Tampa Bay Rays: 93-69

New York Yankees: 88-74 (Wild Card)

Toronto Blue Jays: 85-77

Baltimore Orioles: 76-86

Boston Red Sox: 71-91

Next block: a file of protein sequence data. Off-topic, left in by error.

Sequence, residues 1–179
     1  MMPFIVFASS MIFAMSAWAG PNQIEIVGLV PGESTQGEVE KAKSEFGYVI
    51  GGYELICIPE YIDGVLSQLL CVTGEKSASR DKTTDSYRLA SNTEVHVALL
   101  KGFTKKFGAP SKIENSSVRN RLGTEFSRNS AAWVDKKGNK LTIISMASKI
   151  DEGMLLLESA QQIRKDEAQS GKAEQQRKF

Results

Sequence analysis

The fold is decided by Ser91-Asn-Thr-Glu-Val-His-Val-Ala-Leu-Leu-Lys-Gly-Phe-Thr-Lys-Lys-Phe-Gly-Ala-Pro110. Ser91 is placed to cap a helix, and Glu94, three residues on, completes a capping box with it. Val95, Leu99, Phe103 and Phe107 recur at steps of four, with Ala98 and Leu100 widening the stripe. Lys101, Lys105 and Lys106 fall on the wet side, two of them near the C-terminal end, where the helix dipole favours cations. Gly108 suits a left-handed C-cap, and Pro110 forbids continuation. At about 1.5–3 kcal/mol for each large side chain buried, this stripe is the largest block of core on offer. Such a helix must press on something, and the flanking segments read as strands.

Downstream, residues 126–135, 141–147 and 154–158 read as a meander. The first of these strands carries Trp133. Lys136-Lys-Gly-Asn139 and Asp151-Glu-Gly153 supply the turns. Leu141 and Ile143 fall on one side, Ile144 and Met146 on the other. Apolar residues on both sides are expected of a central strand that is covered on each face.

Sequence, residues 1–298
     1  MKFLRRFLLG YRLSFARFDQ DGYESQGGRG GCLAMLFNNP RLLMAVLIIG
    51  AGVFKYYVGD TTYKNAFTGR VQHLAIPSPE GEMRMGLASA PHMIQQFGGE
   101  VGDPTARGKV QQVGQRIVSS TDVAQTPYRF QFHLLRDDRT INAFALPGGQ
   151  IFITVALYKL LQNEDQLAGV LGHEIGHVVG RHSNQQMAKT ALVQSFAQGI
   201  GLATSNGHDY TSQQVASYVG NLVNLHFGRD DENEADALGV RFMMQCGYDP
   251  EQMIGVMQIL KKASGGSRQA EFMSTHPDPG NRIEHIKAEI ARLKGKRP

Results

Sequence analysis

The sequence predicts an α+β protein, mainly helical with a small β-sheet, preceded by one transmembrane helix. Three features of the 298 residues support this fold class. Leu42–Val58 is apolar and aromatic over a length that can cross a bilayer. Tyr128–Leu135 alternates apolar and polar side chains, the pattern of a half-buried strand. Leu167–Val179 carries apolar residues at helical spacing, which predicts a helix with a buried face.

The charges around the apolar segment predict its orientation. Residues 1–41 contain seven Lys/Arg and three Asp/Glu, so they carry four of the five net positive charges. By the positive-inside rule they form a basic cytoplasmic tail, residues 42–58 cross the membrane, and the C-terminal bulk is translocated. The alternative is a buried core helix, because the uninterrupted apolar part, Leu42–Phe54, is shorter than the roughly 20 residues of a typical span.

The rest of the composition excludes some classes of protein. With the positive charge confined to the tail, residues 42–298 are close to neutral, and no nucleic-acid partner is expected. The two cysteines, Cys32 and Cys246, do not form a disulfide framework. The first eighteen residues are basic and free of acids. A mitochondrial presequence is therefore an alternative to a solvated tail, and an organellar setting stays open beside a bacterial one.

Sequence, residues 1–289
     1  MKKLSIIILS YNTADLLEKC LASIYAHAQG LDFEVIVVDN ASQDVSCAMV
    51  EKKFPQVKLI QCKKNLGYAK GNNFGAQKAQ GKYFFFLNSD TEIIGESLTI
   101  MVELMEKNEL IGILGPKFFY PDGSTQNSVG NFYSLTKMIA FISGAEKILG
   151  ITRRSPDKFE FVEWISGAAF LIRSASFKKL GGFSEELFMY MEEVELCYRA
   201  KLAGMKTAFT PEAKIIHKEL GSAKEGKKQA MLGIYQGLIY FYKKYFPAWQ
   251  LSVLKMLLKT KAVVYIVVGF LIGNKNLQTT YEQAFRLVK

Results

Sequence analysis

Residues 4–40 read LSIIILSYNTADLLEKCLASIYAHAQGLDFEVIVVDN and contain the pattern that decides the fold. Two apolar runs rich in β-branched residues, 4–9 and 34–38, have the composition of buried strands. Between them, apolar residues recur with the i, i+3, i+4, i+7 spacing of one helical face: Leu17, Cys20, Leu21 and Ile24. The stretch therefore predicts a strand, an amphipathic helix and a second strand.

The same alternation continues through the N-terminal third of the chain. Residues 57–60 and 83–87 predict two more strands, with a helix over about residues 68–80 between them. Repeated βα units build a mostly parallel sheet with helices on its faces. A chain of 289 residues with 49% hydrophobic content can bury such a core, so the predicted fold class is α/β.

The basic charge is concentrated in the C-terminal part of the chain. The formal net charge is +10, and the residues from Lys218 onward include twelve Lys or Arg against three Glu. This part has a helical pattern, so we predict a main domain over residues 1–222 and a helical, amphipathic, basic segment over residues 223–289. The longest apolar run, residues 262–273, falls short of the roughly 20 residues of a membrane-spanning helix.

AL Central: This should be seen as the Detroit Tigers dynasty days, although they could spend $75 million a year and probably win this division by at least ten games for the next half-decade.  The only thing stopping this team from winning it all was the main reason they lost the World Series last year in five games: Their bullpen … You could put the names of the other four teams in a bag and determine their order by blind draw; I don’t think they’re any good.  But if there’s a breakout team, it’s the Chicago White Sox, whose lineup may be on the wrong side of the age hill but could have the best pitcher in the American League in Chris Sale and the next great closer in Addison Reed … The Kansas City Royals are about to be MLB’s version of the Portland Trail Blazers: Smartly stockpiling young talent, then seeing that talent wither on the vine without any tangible success on the field.  General Dayton Moore fast-tracked the organization’s development (in order to save his job) by shipping Wil Myers to the Bay Rays for pitchers James Shields and Wade Davis.  They’ll fortify the rotation; now to see if the young hitters finally make good on their potential … The best free agent acquisition Cleveland made is getting Terry Francona as their new skipper.  But getting Nick Swisher and Michael Bourn won’t change a lick of a frighteningly nondescript roster … The Minnesota Twins still suck.  They rightly blew up their starting rotation last year; no one with them at the start of 2012 is hurling for them, at least not right now.  But this is still a team whose strength is in the farm system, even though there is a little pop in the lineup.  Could Justin Morneau be traded?  Will Ron Gardenhire be fired?